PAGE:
00:39:25.410 --> 00:39:32.760 David V. Griffin: And I have been the proud co host for many years, with Jennifer wallace of nascent our New York.
00:39:33.720 --> 00:39:46.620 David V. Griffin: To create the room at the top series where we actually would go in and tour the lobbies and then the highest possible you know available levels of skyscrapers and have receptions afterwards.
00:39:47.040 --> 00:40:00.090 David V. Griffin: And just kind of admire you know the city skyline from a point in skyline so yeah Jennifer was her husband James wallace are the Co founders and owners and they start North i'm going to shout out.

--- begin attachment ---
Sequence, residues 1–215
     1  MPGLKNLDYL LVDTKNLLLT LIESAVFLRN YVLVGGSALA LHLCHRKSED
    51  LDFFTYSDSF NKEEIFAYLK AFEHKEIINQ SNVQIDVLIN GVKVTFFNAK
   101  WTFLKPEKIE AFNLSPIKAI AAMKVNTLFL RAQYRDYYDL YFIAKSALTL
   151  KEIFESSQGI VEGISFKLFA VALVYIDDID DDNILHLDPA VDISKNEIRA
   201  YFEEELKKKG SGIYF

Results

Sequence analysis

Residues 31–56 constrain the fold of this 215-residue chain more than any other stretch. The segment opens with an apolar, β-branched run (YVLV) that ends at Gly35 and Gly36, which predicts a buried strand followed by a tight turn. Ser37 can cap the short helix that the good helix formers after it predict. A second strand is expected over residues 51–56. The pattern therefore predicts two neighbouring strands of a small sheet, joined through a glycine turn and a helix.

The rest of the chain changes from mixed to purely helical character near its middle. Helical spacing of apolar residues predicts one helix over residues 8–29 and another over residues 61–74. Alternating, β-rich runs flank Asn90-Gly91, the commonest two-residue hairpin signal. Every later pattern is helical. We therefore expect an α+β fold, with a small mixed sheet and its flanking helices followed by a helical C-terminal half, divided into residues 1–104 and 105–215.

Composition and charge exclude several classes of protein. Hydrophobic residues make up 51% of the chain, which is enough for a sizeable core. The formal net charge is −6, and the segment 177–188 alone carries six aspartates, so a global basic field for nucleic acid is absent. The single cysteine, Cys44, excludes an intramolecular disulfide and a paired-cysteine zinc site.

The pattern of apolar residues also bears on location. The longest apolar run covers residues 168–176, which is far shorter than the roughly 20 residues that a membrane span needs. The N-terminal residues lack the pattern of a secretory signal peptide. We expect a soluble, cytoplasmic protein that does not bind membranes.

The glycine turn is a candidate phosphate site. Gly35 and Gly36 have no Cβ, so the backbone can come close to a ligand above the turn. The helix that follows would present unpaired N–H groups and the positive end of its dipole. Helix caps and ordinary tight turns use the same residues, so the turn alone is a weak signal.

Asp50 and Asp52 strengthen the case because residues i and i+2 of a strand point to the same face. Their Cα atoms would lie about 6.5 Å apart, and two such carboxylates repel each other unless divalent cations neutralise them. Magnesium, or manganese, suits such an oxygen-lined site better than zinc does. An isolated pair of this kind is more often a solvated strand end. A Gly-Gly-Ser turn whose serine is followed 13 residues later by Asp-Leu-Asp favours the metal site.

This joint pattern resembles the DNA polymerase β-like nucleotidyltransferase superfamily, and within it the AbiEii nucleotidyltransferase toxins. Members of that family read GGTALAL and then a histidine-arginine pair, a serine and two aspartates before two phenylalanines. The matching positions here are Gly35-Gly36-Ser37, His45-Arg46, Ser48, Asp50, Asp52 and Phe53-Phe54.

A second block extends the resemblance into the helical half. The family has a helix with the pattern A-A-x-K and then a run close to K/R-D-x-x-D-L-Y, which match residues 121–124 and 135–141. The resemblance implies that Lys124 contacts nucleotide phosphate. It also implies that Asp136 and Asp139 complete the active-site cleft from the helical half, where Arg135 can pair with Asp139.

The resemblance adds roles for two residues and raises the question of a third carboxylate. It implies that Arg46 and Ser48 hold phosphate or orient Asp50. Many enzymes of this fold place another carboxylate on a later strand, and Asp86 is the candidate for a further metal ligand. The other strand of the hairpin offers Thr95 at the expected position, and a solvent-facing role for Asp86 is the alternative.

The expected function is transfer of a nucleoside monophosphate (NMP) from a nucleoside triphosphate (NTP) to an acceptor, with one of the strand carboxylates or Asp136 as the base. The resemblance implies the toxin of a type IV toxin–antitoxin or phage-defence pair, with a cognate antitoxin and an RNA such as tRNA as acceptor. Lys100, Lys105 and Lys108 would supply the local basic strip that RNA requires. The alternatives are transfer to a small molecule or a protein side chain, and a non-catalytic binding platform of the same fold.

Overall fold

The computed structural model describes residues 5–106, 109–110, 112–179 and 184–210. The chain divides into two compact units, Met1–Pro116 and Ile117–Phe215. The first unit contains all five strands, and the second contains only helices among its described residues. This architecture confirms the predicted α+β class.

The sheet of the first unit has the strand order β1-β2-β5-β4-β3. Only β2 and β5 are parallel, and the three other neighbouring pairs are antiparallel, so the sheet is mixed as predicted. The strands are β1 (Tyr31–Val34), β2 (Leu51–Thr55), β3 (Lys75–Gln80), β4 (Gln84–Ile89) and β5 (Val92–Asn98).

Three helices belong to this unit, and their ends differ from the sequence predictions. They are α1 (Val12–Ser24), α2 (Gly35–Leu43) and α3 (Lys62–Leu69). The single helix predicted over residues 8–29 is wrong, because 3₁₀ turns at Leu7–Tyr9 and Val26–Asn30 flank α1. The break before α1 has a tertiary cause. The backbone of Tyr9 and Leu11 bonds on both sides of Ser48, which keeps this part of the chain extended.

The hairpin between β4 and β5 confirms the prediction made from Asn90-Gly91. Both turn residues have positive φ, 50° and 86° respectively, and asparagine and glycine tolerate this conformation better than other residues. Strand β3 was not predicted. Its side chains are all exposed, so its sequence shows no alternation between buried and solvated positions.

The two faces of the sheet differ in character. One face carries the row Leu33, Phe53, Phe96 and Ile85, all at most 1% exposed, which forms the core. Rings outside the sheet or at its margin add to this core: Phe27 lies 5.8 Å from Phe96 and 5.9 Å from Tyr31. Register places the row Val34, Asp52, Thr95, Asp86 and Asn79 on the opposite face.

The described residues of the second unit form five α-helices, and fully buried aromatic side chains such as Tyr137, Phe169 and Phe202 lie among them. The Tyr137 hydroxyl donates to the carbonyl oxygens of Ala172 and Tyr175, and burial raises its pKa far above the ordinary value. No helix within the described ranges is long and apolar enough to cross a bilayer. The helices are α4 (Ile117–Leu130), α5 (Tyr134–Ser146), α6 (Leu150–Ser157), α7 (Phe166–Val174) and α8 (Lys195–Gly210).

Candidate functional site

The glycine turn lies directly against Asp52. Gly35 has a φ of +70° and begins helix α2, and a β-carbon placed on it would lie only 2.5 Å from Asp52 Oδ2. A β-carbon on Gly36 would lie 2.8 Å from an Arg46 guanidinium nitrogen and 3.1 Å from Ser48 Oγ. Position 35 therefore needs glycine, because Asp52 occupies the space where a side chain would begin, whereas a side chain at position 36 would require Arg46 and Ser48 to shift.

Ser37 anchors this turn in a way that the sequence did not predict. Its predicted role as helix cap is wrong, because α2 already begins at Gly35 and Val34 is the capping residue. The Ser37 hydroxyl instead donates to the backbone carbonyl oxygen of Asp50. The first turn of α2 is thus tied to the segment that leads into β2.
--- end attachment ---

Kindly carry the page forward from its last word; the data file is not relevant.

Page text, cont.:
00:40:01.620 --> 00:40:03.810 Jeff Goodman: yeah so they've been guests on the show before we talked about.
00:40:03.810 --> 00:40:04.830 Jeff Goodman: Public art and they were.
00:40:05.520 --> 00:40:17.130 David V. Griffin: Exactly exactly so which we could we could do again actually i'm sure there's more that we could kind of go over but um yeah so that's sort of the story of how I kind of.
00:40:18.270 --> 00:40:21.990 David V. Griffin: began the business and why I did it and the types of things that I do.
00:40:23.100 --> 00:40:25.620 Jeff Goodman: And you're updating your blog every building on fifth.
00:40:26.340 --> 00:40:44.400 David V. Griffin: I I haven't done so recently, because the pandemic I think has kind of created a you know there's obviously sort of a speed bump there but i'm still being very cautious, for you know various personal reasons, and I just i'm not sort of like willing to go into the city and i'm.